Tuesday, July 1, 2014

How to make a Guitar and a Fault

Rubber bands
Cardboard box

Step 1: You have to cut a hole in the middle of a square box.
Screenshot from 2014-06-09 14:30:43.png
Step 2: Then you put about 5-6 holes on to each side so it looks like thisScreenshot from 2014-06-03 14:44:00.png
Step 3:Then paint the body of the guitar I desired.This is easiest to do before you’ve strung it, as paint will change the sound and elasticity of the rubber bands.
Screenshot from 2014-06-09 14:45:53.png

Step 4:Place the knotted dowel into the body of the guitar and feed the rubber bands up through the string holes. The dowel will hold the rubber bands securely in place.

Screenshot from 2014-06-09 14:49:11.png

Step 5:Stretch each string across the central guitar hole and into the corresponding string hole on the other side.
Screenshot from 2014-06-09 14:51:20.png

Step 6:Place another dowel inside the body of the guitar and tie the loose string ends to it. Do this one string at a time for maximum accessibility. Be sure to make each string slightly looser than you would ideally like, as you will be tightening them later. If desired, make each string a different length to achieve different notes.
Screenshot from 2014-06-09 14:53:34.png

Step 7:Glue the last two dowels to the front of either side of the central guitar hole beneath the strings. Place the first dowel underneath the middle of the strings, slide it to one end, and glue it in place to lift that end of the strings; repeat on the other side. When you’re done, the strings will not only be lifted off the face of the guitar, but also have a tighter sound.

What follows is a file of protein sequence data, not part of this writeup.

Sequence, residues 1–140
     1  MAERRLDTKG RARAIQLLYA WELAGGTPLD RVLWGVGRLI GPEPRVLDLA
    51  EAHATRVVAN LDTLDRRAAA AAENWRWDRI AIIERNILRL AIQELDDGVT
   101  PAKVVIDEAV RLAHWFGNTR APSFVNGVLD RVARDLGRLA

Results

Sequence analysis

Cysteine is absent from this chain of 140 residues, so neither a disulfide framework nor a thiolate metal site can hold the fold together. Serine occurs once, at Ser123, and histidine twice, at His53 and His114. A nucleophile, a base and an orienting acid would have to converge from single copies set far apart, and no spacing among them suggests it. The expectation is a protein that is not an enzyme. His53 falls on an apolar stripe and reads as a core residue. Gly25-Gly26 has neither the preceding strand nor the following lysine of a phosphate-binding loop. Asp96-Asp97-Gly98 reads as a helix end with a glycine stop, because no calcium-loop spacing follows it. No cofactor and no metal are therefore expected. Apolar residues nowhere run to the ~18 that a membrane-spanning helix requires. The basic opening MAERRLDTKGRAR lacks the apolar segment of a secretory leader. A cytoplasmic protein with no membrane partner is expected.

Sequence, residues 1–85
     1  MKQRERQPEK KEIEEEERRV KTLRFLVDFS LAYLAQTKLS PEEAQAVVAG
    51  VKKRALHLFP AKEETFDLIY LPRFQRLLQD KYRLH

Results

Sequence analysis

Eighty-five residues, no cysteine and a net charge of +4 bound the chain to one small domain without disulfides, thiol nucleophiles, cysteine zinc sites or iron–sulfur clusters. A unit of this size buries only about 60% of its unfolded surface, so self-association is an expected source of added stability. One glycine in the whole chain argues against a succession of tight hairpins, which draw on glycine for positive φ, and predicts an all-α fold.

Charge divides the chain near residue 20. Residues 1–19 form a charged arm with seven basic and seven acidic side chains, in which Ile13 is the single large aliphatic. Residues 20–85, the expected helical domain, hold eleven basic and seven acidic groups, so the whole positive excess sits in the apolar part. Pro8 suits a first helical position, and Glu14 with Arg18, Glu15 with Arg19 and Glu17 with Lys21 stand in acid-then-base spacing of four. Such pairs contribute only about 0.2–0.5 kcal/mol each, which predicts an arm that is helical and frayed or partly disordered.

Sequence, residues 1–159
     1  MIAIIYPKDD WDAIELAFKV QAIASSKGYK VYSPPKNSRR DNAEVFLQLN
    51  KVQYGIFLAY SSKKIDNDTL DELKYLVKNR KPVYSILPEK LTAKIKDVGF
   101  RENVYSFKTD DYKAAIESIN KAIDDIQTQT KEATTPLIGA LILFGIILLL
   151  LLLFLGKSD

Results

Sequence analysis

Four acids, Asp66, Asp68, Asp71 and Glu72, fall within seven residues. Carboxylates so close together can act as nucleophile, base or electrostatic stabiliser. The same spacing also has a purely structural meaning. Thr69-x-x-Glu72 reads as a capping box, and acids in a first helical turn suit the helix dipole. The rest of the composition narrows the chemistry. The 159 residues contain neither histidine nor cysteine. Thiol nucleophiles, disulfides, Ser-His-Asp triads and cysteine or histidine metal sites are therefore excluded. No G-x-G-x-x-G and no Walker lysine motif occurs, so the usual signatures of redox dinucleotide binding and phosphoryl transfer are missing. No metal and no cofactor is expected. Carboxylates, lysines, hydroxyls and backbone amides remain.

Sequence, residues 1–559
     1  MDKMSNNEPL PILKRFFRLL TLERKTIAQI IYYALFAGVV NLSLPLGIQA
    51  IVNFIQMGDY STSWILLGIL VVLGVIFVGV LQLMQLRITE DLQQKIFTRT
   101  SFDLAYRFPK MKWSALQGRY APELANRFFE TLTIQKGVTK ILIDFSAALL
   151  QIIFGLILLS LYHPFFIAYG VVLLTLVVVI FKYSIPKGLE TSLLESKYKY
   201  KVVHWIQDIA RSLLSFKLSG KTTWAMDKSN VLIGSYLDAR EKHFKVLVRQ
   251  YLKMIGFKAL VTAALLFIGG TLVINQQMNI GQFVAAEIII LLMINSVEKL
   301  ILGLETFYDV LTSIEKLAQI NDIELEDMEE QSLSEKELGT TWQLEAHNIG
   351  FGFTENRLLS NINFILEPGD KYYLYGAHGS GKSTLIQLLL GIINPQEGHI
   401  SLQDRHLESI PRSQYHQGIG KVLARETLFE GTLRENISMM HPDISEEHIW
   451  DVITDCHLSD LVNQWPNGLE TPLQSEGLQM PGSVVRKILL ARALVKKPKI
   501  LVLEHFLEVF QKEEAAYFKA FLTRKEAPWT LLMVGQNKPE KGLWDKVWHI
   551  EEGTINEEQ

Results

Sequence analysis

Screenshot from 2014-06-09 14:55:54.png
Step 8:Find a long piece of material that will readily attach to the body of the guitar.For example, this may be a piece of wood, length of PVC pipe, or cardboard tube, depending on how sturdy you’d like the end result to be.
  • To make cardboard tubing more solid, use several tubes. Slice all but one of them down the middle lengthwise, insert them inside one another, and glue them together.
  • If using PVC pipe, try to find some with a threaded end. This will make it easier to attach to the body of the guitar (see Step 4).
  • Screenshot from 2014-06-09 14:58:00.png

Step 9: Paint the neck if desired. Note that if the neck is a different material than the body, the painted result might not match (even if you use the same paint).
Screenshot from 2014-06-10 10:42:23.png

Step 10:Cut a neck hole in the body of the guitar if necessary.
Screenshot from 2014-06-11 10:33:23.pngScreenshot from 2014-06-11 10:34:00.png

Step 11:Attach the neck to the body of the guitar. The simplest way to do this is with a strong glue. If using PVC pipe, first screw a PVC ring onto the threaded end, then stick the threaded end through the hole you cut in Step 3, and then tightly screw another ring (or cap) onto the pipe, trapping the top wall of the guitar body between the two rings. Note that this will only work if the body of the guitar is a sturdy material and the hole is very snug.

Step 12: Now you're done, go give your new guitar some strumming!

Step 1:You will Need to flatten The ends of the straws with the pliers.
Screen Shot 2014-06-24 at 10.34.18 am.png

Step 2: After you have done that you will need to cut the flatten bits like it shows in the picture.
Screen Shot 2014-06-24 at 10.36.40 am.png

Step 3:If you wanna Plays songs you could Cut some more holes in the straw. And Start Playing it .

Screen Shot 2014-06-24 at 10.38.21 am.png

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